Freeman Shen is founder, CEO and chairman of WM Motor, a Shanghai-based electric vehicle company. Established in 2015, WM Motor has been called a unicorn, with investments exceeding $1 billion and multinational conglomerates such as Tencent and Baidu among its largest investors. WM Motor launched its first vehicle, the EX5, in May 2018, and deliveries started in September 2018, three short years after its founding. WM Motor is focused on providing EV solutions to middle-class customers and injecting clean-energy technologies into large segments of Chinese society.
“Freeman’s work is helping put a country of 1.3 billion people on the path to sustainability, and is forging the future of a modern and interconnected transportation infrastructure,” said Jayathi Murthy, dean of UCLA Samueli School of Engineering. “I believe these are extraordinary and impactful contributions, and make Freeman Shen truly deserving of UCLA Samueli’s 2020 Alumnus of the Year award.”
Shen has had a storied career in the automotive industry, working across the globe in the U.S., Germany and China. He started his career working for the U.S. companies Eaton Corporation and Borg Warner, and went on to serve as Borg Warner China’s president from 2004 to 2007.
He has been pivotal in building the automotive industry in China, serving as vice president of Fiat Group China, as chairman of Volvo Group China, and as chairman and CEO of Shanghai Geely Zhaoyuan International, which owns the Volvo Car Corporation Worldwide.
He was also vice president and board member of Zhejiang Geely Holding Group, the largest car company in China, which acquired Volvo from Ford for $1.8 billion in 2010. Shen played a central role in the acquisition, which was “the first time a Chinese carmaker had acquired 100 percent of a foreign rival,” according to the New York Times.
In 2018, Shen shared insight into China’s booming economy with UCLA Samueli engineering students at the school’s Ronald and Valerie Sugar Distinguished Speaker Series. “A car is actually much more challenging than a building – it moves,” he said.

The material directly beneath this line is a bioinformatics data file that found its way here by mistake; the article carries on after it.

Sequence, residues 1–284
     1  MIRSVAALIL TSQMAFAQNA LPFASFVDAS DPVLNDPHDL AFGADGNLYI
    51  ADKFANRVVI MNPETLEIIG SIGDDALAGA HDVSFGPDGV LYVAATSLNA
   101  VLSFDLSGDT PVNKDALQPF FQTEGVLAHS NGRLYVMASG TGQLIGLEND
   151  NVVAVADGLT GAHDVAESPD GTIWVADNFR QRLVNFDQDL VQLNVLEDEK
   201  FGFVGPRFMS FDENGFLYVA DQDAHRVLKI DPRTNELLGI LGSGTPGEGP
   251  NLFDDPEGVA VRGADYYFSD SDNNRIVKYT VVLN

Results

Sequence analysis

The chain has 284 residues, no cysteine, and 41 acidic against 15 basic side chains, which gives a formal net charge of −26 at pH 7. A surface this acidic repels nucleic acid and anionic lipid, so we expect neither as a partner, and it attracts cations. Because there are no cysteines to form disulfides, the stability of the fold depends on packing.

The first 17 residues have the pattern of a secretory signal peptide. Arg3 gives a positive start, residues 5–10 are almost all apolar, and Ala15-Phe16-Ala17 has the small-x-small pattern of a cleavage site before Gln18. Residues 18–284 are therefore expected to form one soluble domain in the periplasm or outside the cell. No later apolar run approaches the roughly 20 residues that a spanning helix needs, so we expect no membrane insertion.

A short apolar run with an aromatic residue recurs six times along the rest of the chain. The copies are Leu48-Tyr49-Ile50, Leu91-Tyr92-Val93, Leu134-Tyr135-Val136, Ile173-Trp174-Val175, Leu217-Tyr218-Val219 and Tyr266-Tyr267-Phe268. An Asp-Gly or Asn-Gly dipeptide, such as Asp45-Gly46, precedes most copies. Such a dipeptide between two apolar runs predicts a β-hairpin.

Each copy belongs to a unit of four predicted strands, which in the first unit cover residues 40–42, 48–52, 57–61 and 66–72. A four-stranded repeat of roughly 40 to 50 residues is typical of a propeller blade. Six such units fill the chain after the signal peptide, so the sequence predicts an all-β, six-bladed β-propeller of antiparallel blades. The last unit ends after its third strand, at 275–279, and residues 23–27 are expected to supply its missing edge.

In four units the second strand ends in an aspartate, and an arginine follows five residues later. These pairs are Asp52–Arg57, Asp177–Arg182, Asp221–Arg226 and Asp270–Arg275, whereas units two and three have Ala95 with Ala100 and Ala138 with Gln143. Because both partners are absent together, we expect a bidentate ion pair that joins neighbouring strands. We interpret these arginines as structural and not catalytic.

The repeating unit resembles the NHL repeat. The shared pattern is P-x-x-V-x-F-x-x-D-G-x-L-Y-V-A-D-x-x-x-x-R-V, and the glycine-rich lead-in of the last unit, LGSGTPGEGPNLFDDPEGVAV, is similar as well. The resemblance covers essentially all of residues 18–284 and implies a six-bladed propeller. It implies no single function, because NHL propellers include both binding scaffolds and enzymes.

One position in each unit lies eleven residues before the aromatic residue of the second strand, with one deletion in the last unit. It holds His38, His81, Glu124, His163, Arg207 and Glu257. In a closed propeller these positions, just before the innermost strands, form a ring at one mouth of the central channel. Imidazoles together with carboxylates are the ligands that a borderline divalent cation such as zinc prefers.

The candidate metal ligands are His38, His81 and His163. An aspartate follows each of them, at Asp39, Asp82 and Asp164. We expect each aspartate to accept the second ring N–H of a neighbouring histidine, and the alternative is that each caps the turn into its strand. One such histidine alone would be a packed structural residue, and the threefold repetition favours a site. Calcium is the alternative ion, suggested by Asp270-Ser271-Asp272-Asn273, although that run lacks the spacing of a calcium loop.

Shen originally planned to follow his father’s footsteps and become an architect, but eventually found his calling in engineering and the car industry.
Commenting on the opening up of China’s economy, Shen said, “This was the right place at the right time of history. People become successful because the timing is right. It was very easy to launch a new business 10 years ago. Now it’s much more competitive. We are trying to solve middle class family needs; we have good quality at an average price.”
Shen is known for his global vision and his faith in young people. “Freeman is a very visionary person,” said Yuan Lu, corporate vice president of Baidu. “He always thinks ahead of the people. Beyond the current horizon, [he thinks of] how the society, transportation and vehicles will evolve in the next 10 to 15 years.” It is Shen’s belief that cars should be made smart, affordable and enjoyable. When confronted with challenges, Shen tends to look inward without blaming the problems on others, according to his 16-year-old son, Jacob Shen, who credits his own positive outlook to his dad’s driven and fail-to-succeed attitude.
Shen earned a bachelor’s degree from the South China Institute of Technology, a master’s degree in civil engineering from UCLA, and an MBA from the University of Minnesota.